James Elliott (medical administrator)

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Elliott in 1937

Lieutenant Colonel Sir James Sands Elliott GCStJ VD (28 May 1880 – 26 October 1959) was a New Zealand doctor, editor, medical administrator and writer. He was born in Randalstown, County Antrim, Ireland, on 28 May 1880.[1] He was educated at Wellington College and spent a year at the University of Otago Medical School. His father sent him to the University of Edinburgh to complete his medical course.

As a senior student he served with the medical corps in the Second Boer War from 1899 to 1902.

Graduating MB ChB in 1902, Elliott returned to New Zealand the following year and was the first house surgeon at Wellington District Hospital. He then began a surgical and general practice at the hospital, serving also as honorary surgeon. On 12 December 1905, at Wellington, he was married by his father to Annie Allan Forbes from Edinburgh; they were going to have five children.

In 1912 Elliott took the Edinburgh MD degree. In 1914 he wrote a book on Greek and Roman medicine.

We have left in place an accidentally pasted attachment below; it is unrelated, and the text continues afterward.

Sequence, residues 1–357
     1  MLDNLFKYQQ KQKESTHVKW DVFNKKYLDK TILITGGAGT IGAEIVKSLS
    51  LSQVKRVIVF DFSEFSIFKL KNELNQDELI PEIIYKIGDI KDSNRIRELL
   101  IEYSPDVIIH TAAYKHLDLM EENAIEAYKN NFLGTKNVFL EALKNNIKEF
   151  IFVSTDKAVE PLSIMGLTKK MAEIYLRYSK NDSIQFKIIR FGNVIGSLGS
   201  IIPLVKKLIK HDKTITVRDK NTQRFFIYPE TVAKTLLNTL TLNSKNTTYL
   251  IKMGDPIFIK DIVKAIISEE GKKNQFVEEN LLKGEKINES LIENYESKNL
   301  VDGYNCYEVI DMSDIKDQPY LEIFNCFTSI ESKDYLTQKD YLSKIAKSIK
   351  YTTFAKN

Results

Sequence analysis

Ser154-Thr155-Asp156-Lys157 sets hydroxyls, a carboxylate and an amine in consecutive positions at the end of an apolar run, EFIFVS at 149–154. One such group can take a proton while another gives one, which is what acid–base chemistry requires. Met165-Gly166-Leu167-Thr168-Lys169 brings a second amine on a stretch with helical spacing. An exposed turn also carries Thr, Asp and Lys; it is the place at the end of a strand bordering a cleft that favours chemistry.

In World War I, Elliott was a lieutenant colonel in the New Zealand Medical Corps (NZMC), and was CMO on the second and third voyages of the New Zealand Hospital Ship Maheno; which he described as "like an oven" as she was designed for the Tasman not the Mediterranean.[2] He caused a stir by sending a telegram to the Defence Department, asking whether the Maheno's captain was subordinate to him. The reply was that the captain had the final say.[3]

Elliott became a fellow of the American College of Surgeons in 1926, and in the following year, a foundation fellow of the College of Surgeons of Australasia. In the 1936 King's Birthday Honours, he was appointed a Knight Bachelor, for public services.[4] Elliott was involved with the Order of St John (chartered 1888) and in 1955 was promoted to Bailiff Grand Cross of the Order of St John.[5]


  1. ^ Clair, Rex Wright-St. "James Sands Elliott". Dictionary of New Zealand Biography. Ministry for Culture and Heritage. Retrieved 1 December 2011.
  2. ^ McLean, Gavin (2013). The White Ships: New Zealand's First World War Hospital Ships. Wellington: New Zealand Ship and Marine Society. pp. 60, 114, 133. ISBN 978-0-473-24977-9.
  3. ^ "Life on board". Ministry for Culture and Heritage. Retrieved 19 February 2022.
  4. ^ "No. 34296". The London Gazette (Supplement). 23 June 1936. p. 3996.
  5. ^ "No. 40529". The London Gazette. 5 July 1955. p. 3881.

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